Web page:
Fed experts have pointed out over the years that when there is a question of economic strength, employment is their primary area of concern. Mr. Bernanke’s comments yesterday were in stark contrast to the latest FOMC statement probably because of last Friday’s announcement by the Labor Department that unemployment jumped to 5%. Bernanke said the forecast for 2008 “has worsened” and risks to growth are “more pronounced,” effectively rewriting the FOMC statement of Dec. 11.
Bloomberg News points out that Bernanke did not refer to the “committee” when he expressed his views yesterday as he has often done in the past. “Bernanke chose to finally assume the mantle of leadership,” said Michael Feroli, an economist at JPMorgan Chase. “He has generally sought to avoid front-running the committee.” Brian Sack, a senior economist at Macroeconomic Advisers who used to work at the Fed, said the shift in Bernanke’s language indicated he and his colleagues may have conferred after the January 4th job figures.
It now appears that the Fed’s focus will be predominately on the slowing economy giving inflation a back seat. Bernanke’s 14-page speech contained only one paragraph on inflation according to Bloomberg. It referred to the Fed’s preferred measure of inflation being 2.6% which is outside the comfort range.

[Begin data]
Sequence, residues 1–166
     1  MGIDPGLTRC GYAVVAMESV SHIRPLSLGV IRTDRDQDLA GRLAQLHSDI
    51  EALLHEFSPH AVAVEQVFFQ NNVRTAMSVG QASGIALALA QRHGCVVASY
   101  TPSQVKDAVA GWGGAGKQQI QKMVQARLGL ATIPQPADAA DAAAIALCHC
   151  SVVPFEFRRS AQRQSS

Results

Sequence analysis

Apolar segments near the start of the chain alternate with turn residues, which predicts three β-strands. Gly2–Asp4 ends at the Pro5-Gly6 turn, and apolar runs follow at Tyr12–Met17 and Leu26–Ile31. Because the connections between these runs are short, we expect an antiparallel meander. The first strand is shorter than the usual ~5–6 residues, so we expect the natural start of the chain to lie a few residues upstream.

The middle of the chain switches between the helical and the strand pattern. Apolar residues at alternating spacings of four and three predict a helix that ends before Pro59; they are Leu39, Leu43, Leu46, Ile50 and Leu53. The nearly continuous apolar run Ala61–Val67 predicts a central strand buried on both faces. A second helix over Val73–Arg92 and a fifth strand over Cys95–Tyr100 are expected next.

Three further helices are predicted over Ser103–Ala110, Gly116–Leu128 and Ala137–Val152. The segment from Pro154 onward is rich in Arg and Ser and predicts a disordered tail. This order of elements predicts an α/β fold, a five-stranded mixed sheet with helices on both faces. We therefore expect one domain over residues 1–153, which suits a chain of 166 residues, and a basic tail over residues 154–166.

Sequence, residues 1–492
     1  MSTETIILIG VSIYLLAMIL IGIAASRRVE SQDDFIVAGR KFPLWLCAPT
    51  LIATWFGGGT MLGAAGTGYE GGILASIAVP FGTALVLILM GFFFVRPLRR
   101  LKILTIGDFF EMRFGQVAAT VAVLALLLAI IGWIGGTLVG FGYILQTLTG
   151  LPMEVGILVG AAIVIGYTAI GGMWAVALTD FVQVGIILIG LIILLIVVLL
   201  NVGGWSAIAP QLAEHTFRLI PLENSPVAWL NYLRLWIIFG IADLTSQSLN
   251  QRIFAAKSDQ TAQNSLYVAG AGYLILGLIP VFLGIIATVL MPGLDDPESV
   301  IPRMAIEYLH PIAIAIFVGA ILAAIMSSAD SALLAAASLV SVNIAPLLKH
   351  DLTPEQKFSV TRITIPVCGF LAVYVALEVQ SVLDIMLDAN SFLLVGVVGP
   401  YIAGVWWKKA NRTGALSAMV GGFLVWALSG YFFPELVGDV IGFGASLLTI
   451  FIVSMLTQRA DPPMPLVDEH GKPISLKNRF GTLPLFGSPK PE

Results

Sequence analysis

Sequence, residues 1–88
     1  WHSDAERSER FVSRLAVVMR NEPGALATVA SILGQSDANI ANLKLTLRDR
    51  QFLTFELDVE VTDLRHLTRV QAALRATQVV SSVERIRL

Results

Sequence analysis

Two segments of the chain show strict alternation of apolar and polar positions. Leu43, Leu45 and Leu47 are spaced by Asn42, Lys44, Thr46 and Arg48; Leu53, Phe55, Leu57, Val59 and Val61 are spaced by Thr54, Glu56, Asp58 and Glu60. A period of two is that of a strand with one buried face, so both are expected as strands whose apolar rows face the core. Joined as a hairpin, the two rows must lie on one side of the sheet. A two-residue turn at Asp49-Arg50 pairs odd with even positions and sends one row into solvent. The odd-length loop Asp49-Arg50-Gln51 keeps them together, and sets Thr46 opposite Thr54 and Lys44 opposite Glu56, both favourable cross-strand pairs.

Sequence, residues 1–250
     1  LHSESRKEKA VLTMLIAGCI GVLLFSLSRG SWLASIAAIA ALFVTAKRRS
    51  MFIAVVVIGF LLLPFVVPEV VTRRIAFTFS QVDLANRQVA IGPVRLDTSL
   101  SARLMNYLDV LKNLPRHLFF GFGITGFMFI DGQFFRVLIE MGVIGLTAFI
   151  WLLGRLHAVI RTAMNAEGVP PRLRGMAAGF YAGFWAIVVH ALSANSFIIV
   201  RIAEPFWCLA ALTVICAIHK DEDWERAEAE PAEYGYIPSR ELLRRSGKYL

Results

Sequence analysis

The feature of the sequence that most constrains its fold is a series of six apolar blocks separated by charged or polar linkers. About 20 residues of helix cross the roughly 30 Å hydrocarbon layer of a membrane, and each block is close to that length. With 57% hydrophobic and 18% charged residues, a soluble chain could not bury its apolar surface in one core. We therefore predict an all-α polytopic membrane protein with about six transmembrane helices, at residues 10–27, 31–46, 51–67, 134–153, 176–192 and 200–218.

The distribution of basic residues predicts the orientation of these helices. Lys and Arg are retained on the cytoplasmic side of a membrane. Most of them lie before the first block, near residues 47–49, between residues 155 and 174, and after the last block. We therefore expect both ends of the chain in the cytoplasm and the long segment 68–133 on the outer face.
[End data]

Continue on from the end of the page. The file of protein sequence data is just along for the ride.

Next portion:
So if the Fed is primarily focused on the economy now we can expect further cuts and soon. Lehman Brothers added another half-point of interest-rate cuts to its forecast through August, saying today that the Fed will lower its rate to 3%, including a half- point this month instead of a quarter-point. Goldman Sachs Group Inc. economists predicted this week that the Fed will lower its rate to 2.5% by year-end. In contrast, the European Central Bank has left its key rate at 4% and President Jean-Claude Trichet yesterday signaled it may raise borrowing costs to contain inflation even as economic growth slows. The ECB’s Governing Council is “prepared to act preemptively” to prevent risks to price stability from materializing, Trichet said inFrankfurt.
Is Bernanke in time with rate cuts? The stock market seems to be convinced that the Fed is too late to prevent recession. There was only a brief spike in prices yesterday during Bernanke’s clear signal that he would be cutting rates. The market’s lack of enthusiasm could be taken that investors fear that the perception of recession on the minds of consumers and managers is ahead of the Fed cuts and there is little more policymakers can do other than make the recession less severe.
Our tactical asset allocations have shifted significantly in the past weeks to address the slowing economy. We have extended bond maturities across the board. We have increased our holdings in the utilities, telecom, and healthcare sectors. We have avoided consumer staples because their valuations appear high. We have reduced our weighting in technology and other growth stocks by half and may need to go further if it looks like the economy will recede faster than expected. Finally, in our growth models we took a position in the global financial sector yesterday. We believe we are near the bottom of the credit crisis. We believe that Fed rate reductions will begin to add confidence in bank stocks. We also like the dividend yield at 3.9%. It helps us to be patient is we are early.
Have a good weekend.